Grand Prix Racing - The Science of Fast Pinewood Cars

Constrained Motion On A Ramp

Though your Grand Prix car may not free fall from the starting line, it most certainly does fall! It's fall is "cushoned" or constrained by the ramp so the end result is not quite so disasterous depending on how steep it is. Though the energy is converted in much the same way as in free fall, timing is delayed and the distance of travel is greatly increased. Such effects are a true warping of space and time from the perspective of the energy involved!

Warp space and time

Galileo Galilei used ramps to further investigate the results so dramatically demonstrated at the Tower of Pisa. As an application of this model, it can be shown that the ramp "magically" increases the distance and time of the "fall" though the speed of the fall remains the same at any vertical position! It is as if the ramp has distorted space and time for the falling object. The concepts of arc parameters, moment of inertia and pathagorus's theorem are used. A mathematical expression for a form of the conservation of energy is used to derive the physical parameters; energy, speed, time and distance. The equations of motion are examined for insight on force decomposition.


Ramp illustrated
E Total conserved energy
U Potential energy
T Kinetic energy
F Force
m Mass
g Acceleration by gravity
v Velocity (strickly speaking, speed)
L Length of ramp
y Distance along trajectory
O 'Theta', angle the ramp forms with horizon
t Time from start of fall
Ft Force along the ramp surface
Fn Force at right angles to the ramp surface

Important expressions derived for this model include:

Energy Relation E = -mgLsinO = -mg(L-y)sinO + mv2/2
Equations of Motion Ft = m a = -mgsinO, Fn = 0
Time of fall t(y) = \[-2y/gsinO]
Speed of fall v(t) = -gsinOt

The Ramp Model

To begin this model, we start by writing some parameters and relations for a simple ramp.

A ramp has a starting height, H, a surface length, L, and a downward slope, O (theta). Note, the ratio of ramp height, H, to its length, L, is,

H/L = -sinO or O = -arcsin(H/L) only O < 0 is down hill, O > 0 is an up hill ramp. We only want to consider down hill motion in this model, so sinO is always negative. This leads to positive expressions with "minus" signs in them like:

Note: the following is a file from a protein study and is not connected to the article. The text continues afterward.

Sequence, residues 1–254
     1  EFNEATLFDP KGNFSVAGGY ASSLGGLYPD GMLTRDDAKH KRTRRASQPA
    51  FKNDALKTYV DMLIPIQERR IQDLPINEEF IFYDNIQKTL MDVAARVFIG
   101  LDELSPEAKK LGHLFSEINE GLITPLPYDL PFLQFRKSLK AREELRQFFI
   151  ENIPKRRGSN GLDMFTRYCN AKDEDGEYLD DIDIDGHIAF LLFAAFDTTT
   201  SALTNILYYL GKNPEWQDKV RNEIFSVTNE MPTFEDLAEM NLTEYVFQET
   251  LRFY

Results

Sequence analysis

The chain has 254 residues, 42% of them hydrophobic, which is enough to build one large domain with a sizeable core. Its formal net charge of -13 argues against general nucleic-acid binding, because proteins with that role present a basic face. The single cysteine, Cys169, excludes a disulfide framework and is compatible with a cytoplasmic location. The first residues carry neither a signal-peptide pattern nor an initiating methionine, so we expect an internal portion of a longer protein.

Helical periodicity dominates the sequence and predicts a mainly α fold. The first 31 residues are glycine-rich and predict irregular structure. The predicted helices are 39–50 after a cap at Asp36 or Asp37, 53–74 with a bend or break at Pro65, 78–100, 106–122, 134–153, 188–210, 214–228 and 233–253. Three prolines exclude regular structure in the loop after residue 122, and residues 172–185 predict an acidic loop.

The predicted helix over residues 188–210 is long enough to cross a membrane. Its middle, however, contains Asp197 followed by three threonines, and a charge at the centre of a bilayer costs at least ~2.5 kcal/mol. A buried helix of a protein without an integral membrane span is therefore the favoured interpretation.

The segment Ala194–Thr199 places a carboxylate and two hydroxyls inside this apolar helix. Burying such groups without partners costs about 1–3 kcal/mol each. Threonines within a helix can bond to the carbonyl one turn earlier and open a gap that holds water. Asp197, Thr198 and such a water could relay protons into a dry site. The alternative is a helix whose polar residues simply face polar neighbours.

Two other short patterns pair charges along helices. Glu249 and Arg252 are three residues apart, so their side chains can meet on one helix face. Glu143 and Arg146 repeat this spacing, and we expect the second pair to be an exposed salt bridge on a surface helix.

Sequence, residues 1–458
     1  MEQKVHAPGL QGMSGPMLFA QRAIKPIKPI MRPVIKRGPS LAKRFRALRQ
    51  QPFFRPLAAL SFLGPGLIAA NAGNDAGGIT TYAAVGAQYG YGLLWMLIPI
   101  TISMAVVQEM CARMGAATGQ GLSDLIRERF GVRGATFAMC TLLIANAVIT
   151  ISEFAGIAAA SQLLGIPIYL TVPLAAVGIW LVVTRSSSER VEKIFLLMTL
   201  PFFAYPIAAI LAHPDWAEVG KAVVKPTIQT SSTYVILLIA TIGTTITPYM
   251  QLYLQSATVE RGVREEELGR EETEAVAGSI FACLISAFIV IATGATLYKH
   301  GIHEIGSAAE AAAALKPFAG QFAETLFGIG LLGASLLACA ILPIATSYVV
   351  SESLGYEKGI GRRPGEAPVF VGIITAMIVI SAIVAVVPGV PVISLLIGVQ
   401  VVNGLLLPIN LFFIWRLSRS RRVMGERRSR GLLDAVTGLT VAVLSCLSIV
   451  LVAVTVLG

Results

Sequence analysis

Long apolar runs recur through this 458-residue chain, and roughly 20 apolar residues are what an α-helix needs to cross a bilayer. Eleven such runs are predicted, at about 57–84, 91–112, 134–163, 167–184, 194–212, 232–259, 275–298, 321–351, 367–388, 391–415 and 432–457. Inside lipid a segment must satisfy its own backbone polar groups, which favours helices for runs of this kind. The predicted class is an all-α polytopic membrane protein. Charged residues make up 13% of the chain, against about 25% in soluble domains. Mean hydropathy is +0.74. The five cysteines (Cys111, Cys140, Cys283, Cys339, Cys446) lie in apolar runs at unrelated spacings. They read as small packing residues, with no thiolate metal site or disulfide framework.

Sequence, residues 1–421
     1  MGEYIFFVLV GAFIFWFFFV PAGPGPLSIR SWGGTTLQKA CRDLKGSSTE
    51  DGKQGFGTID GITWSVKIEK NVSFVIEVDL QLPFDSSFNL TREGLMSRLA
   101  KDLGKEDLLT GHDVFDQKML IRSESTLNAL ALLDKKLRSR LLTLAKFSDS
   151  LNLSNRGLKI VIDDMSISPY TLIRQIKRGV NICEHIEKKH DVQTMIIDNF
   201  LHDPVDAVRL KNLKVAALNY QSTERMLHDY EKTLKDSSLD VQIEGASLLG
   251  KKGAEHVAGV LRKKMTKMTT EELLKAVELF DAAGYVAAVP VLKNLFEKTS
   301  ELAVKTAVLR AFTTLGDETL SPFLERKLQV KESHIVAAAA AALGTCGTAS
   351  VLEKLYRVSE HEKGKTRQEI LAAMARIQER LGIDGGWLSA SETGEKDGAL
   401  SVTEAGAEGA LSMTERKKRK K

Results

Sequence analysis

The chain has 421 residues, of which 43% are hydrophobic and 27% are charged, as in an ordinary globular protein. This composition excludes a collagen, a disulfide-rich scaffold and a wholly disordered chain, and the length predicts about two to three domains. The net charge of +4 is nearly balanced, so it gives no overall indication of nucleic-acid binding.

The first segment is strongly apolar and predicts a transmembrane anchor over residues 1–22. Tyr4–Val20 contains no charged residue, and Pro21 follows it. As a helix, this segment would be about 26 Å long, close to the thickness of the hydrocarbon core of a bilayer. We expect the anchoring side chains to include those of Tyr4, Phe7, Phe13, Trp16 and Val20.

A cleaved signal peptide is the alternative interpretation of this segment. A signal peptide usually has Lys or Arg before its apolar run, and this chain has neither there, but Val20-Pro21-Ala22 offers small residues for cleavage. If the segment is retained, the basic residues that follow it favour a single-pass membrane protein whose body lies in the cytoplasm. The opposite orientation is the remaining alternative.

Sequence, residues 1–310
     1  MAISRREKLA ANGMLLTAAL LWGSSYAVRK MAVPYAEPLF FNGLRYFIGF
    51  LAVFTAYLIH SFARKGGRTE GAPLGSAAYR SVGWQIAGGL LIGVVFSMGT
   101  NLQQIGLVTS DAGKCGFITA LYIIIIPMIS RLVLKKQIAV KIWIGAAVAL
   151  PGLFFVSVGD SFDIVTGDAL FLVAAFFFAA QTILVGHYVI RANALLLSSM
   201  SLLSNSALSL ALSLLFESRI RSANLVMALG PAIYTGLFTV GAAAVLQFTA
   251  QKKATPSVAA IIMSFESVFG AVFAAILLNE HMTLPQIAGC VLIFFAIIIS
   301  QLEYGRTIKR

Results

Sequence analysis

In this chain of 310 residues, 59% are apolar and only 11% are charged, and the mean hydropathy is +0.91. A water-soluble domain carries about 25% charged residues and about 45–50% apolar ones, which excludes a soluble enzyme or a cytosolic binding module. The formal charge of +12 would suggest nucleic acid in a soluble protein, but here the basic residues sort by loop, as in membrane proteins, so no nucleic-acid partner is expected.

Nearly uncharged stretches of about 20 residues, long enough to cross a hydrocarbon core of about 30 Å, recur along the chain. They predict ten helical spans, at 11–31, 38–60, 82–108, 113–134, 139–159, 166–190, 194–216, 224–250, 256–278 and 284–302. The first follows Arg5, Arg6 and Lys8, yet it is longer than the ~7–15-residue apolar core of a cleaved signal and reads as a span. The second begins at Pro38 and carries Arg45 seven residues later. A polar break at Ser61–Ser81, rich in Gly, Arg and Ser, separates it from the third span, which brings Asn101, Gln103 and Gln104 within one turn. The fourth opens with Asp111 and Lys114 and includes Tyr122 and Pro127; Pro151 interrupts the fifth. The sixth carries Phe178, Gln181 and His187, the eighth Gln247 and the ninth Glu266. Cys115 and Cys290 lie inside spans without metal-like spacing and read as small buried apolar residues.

H = -LsinO which is greater than zero.

The car is modeled with no friction on this simple ramp. On the ramp, the height the car has left to fall is "h" and the distance traveled along the ramp surface is "y". The distance travelled along the surface, y, can be expressed in terms of the other ramp and car parameters (symbols) as:

y = -(H-h)sinO or y = L + hsinO

To model the height left to fall in terms of distance traveled, we write

h(y) = -(L-y)sinO

Again the potential energy of the car is modeled as mgh. But this time, h is in terms of y, h(y). Also, the initial potential energy, mgH, is -mgLsinO, since H = -LsinO. Kinetic energy is present in the same form as in the free fall, but the velocity is not in the direction of h, but y, along the ramp. The energy relation is:

      _______Potential_______ + Kinetic Energy
        Track         Car        Car   
  E = -mgLsinO = -mg(L-y)sinO + mv2/2 

In order to solve for the velocity, v, group terms in sinO and the velocity squared, v2,

-mgysinO = mv2/2

Solve for velocity, v, in terms of position from the top of the ramp, y,

v(y) = \[-2gysinO]

Separate variables in position, y, and time, t, and integrate,

  / y                    / t
 | dy/\[y] = \[-2gsinO] | dt
/ 0                    / 0
  / y
 | dy/\[y] = 2\[y]
/ 0
            / t
\[-2gsinO] | dt = \[-2gsinO]t
          / 0

Putting these results together:

2\[y] = \[-2gsinO]t

Solve for time, t, in terms of position, y,

t(y) = \[-2y/gsinO]

Solve for position, y, in terms of time, t,

y(t) = -gsinOt2/2

Solve for speed, v, in terms of time, t, by taking the derivative of position in terms of time, y(t), with respect to time, t,

v(t) = -gsinOt

Solve for acceleration in terms of time, t, by taking the derivative of speed in terms of time, v(t), w.r.t. t,

a(t) = -gsinO

Knowing the acceleration along the ramp, we could write the equation of motion along the ramp (tangent to it) as:

Ft = m a = mgsinO

But now there is another equation of motion which is at right angles to the first. It expresses the normal force of the ramp against the car. But all of these forces must cancel perfectly because the ramp does not flex or move under the influence of the car passing over it. This is an example of Newton's Third Law.

Fn = m a = mgcosO - mgcosO = 0 (normal)

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Grand Prix Racing - The Science of Fast Pinewood Cars
Copyright © 1997, 2004 by Michael Lastufka, All rights reserved worldwide.